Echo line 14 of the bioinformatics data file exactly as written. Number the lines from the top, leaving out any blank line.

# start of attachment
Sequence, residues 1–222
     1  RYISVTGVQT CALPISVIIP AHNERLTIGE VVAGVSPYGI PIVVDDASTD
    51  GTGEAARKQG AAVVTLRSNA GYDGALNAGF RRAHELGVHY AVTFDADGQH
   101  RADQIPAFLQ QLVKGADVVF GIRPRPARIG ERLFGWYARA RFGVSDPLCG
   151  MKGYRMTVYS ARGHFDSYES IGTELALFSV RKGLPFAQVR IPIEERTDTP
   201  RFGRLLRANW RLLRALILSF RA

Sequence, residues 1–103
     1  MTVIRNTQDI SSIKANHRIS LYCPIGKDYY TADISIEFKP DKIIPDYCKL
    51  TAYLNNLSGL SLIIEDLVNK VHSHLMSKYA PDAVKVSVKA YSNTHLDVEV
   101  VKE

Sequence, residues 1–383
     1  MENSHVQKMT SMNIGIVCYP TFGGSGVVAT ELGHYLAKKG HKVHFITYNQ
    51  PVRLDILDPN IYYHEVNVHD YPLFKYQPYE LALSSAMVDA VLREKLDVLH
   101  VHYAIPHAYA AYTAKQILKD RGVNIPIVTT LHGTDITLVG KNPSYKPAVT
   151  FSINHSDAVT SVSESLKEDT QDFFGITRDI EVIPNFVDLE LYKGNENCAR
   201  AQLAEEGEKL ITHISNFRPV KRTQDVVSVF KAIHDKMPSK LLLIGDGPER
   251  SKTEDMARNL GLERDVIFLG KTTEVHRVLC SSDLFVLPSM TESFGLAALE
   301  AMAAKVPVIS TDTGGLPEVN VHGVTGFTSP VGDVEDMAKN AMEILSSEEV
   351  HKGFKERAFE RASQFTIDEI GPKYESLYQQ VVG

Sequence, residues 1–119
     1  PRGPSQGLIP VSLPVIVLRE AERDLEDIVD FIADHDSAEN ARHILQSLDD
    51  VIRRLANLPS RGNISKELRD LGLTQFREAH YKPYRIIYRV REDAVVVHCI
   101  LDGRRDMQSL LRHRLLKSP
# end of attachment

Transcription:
   101  VHYAIPHAYA AYTAKQILKD RGVNIPIVTT LHGTDITLVG KNPSYKPAVT